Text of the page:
Supply Chain Trends

Should You Still Be Using Excel For Supply Chain Planning? 9 Signs it’s Time to Consider Other Software

While Microsoft Excel continues to enjoy massive success, modern supply chain management operations are demanding, and many logistics professionals quickly find they’ve outgrown the spreadsheet program.

Excel does offer several benefits. It’s affordably priced, easy to use, versatile, accessible, and quite functional.

However, the Microsoft program has significant limits in comparison to applications meant explicitly for supply chain operations. The following signs indicate it’s time to move on.

Nine Signs It is Time for New Supply Chain Planning Software

1) Unacceptable Error Rates

When it comes to non-essential functions, errors are generally considered a tradeoff for affordability and convenience. But when errors cause critical breakdowns, the costs to a company might be disastrous.

2) Slow Performance and Breakdowns

With Excel, unsaved data is often lost when the program crashes. On the other hand, logistics programs using a database immediately store typed data before it can be lost. Also, large volumes of data can slow down Excel, while huge database applications are built to handle massive amounts of data. Database programs are also better suited to linking together complex tables of data.

3) Long Complex Customer Lists

A business that collects and analyzes large amounts of data will quickly find Excel does not have industry-standard capacity or capabilities. Furthermore, complicated problems like multiple SKU numbers for different product types, not handled by Excel as well as they are by industry-specific programs.

4) Many Users Across the Company

Excel was initially meant to be a single-user program, and that hasn’t changed over the years. While multiple users can coordinate their efforts through version control, the program provides equal access, which increases the risk of input mistakes. Also, basic functioning can be corrupted by users trying to configure spreadsheets in different ways.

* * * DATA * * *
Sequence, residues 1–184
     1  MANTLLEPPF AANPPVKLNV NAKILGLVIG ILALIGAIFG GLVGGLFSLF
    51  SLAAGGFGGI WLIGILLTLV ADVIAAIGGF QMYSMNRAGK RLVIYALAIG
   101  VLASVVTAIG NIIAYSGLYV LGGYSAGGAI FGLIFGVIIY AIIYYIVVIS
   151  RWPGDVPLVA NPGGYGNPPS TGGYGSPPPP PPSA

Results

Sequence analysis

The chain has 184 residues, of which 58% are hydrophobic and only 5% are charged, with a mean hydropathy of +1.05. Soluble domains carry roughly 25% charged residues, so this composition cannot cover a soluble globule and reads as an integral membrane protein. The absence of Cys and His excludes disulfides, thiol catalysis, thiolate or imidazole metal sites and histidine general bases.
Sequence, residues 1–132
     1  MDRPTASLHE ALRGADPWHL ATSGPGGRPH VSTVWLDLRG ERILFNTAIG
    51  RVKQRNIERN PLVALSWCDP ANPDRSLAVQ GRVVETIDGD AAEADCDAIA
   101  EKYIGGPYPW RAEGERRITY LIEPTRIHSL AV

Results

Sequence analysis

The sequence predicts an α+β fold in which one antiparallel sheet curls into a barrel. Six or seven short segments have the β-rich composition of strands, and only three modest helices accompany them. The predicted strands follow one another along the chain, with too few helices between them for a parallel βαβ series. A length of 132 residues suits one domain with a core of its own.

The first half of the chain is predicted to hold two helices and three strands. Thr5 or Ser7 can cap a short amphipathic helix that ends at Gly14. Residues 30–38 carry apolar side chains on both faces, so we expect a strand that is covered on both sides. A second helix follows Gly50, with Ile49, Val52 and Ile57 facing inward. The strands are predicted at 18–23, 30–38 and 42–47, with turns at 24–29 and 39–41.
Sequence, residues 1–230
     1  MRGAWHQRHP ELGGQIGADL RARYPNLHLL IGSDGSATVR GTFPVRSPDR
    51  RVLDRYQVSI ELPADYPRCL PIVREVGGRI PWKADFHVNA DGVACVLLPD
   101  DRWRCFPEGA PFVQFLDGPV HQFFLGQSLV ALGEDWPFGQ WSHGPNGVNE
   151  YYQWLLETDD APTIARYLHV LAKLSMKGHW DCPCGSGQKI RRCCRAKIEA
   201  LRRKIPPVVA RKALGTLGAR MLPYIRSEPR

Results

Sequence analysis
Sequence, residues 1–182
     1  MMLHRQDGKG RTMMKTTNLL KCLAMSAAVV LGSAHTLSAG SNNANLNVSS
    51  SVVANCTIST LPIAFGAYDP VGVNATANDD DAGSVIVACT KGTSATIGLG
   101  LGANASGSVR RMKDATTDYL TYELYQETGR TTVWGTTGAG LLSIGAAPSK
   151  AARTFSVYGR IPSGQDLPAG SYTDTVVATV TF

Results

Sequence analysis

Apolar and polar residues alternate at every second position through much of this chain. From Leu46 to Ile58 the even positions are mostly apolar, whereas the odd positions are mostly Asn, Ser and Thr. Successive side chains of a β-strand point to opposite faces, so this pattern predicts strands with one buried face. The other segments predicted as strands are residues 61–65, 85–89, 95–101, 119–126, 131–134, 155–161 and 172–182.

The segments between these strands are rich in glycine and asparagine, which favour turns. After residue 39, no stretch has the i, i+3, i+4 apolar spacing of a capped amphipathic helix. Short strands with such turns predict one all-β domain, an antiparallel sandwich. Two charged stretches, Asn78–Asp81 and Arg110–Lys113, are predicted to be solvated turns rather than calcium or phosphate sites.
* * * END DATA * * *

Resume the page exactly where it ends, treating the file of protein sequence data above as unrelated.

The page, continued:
5) A Need for Real-Time Data

In a small company, supply chain employees may keep tabs on production, making adjustments in real-time when needed. In a large company, this isn’t possible, and logistics software is necessary to make adjustments based on real-time data coming from the production department.

6) A Need for Forecasting Functionality

Spreadsheet programs are designed to calculate, not perform analyses. If your supply chain personnel have come to depend on forecasts, modeling, and planning functions, Excel won’t be of much use. The latest supply chain can recognize trends and translate data to enable these essential business functions.

7) A Need for Business Intelligence Functions

Excel does not provide business intelligence functionality. Logistics software does.

8) Too Dependent on Irreplaceable Knowledge

In some logistics departments, operations are far too dependent on a long-tenured employee who’s learned all the ins and outs of Excel. By providing key insights and analyses, industry-specific software reduces the dependence on irreplaceable expertise.

9) A Need for Analytics

Most modern supply chain software uses complex algorithms to identify key insights. This is another critical function Excel does not provide.

We Can Help You Make the Most of Modern Software Tools

At ZDA, we understand that the best supply chain software is useless without people who know how to use it. Please contact us today to find out how we can help you make the most of your technology.

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